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Origin of nauseant
OTHER WORDS FROM nauseantan·ti·nau·se·ant, adjective, noun
Words nearby nauseant
What does nauseant mean?
Nauseant means producing nausea—a feeling of sickness in your stomach, as if you might vomit.
People can experience nausea from food that has upset their stomach, from the side effects of medications, or from a number of other conditions that affect the stomach, such as seasickness, motion sickness, morning sickness, carsickness, and anxiety. The word nauseating is much more commonly used to describe such things.
Nauseant, on the other hand, is typically used in a medical context, such as to describe a medication or treatment that has nausea as a known side effect.
The word nauseant can also be as a noun in this context to refer to such medications or to other things that can cause nausea.
The word antinauseant can be used as a noun to refer to things like medications or other substances that are intended to relieve nausea, or as an adjective to describe such things.
Example: The patient has gastrointestinal issues, so I avoided prescribing any nauseants.
Where does nauseant come from?
The first records of the word nauseant come from the 1800s. It is ultimately thought to derive from the Greek nausíā, meaning “seasickness,” from naûs, meaning “ship” (the same root is the basis of the word nautical). The suffix -ant is used to form adjectives and nouns.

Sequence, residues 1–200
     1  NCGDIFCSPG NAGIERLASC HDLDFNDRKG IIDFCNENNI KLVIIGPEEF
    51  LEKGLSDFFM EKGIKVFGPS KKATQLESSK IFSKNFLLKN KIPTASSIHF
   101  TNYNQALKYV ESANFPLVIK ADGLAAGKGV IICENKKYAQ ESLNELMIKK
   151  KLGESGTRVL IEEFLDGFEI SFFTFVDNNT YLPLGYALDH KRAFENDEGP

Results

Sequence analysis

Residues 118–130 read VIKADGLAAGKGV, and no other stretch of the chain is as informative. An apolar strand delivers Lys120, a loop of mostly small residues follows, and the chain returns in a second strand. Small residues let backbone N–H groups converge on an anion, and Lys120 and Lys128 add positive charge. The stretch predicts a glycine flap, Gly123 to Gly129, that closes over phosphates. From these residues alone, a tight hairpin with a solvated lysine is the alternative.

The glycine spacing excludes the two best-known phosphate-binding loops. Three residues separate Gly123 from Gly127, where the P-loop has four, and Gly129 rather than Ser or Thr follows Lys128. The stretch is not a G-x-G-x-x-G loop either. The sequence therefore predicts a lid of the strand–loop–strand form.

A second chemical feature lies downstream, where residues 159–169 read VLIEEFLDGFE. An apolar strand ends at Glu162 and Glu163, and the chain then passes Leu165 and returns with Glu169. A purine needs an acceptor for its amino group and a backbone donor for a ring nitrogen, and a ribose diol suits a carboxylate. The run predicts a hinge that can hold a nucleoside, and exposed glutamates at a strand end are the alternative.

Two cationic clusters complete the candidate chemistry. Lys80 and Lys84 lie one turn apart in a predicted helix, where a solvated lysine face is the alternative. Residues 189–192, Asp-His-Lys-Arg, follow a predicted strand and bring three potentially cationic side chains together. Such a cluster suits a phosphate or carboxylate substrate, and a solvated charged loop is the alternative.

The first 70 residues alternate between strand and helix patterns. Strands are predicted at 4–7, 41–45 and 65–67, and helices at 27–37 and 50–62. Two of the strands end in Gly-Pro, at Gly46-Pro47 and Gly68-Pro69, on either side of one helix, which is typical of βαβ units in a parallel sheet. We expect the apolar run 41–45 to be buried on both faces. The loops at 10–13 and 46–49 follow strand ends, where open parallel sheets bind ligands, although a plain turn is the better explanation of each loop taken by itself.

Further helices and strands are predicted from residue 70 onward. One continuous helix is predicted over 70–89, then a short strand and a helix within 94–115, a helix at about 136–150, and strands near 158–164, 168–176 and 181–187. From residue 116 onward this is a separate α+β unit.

Nausea can be caused by very different things, including bad food, inner ear problems, and stress. However, describing something as nauseant or calling something a nauseant is almost always done in a medical context. Antinauseants are used to help people avoid nausea, such as during chemotherapy treatments.
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What are some other forms related to nauseant?
- antinauseant (noun, adjective)
- nausea (noun)
What are some synonyms for nauseant?
What are some words that share a root or word element with nauseant?
What are some words that often get used in discussing nauseant?
How is nauseant used in real life?
The word nauseant is typically only used in a medical context.
Nausea gone. Anti-nauseants make me sleepy though. Moving on from ginger tea (bleh) to licorice-y throat formula tea. And possibly a nap.
— Brenda Gerritsma (@BrendaGerritsma) February 11, 2010
It is a cruel world that has horrible tasting anti-nauseant medication.
— digitrev, but like, subtly spookier somehow (@digitrev) September 23, 2013
I’m so sorry to hear that you’re another person so badly affected by nausea. Not even the anti-nauseants for chemo have helped him. It’s been a tough go nhecsays the nausea is worse than the chronic pain for him.
— Isabel Jordan (@seastarbatita) August 29, 2018
Try using nauseant!
Is nauseant used correctly in the following sentence?
Try to avoid consuming any nauseant substances.
Example sentences from the Web for nauseant
Now, no sedative or nauseant is known that does not lock up the natural secretions and thus lessen the digestive powers.Alcohol: A Dangerous and Unnecessary Medicine, How and Why|Martha M. Allen
Cordite mingled with the raw, nauseant, revolting smell of scorched flesh and hair.Operation Lorelie|William P. Salton
Diaphoretic, nauseant, and emetic when warm; tonic when cold.
The influence of Antimony on the glandular organs is indirectly but powerfully intensified by its nauseant action.The Action of Medicines in the System|Frederick William Headland
The nauseant action of squill, which is alluded to in connection with Anasarcin, is too well known to require more than a mention.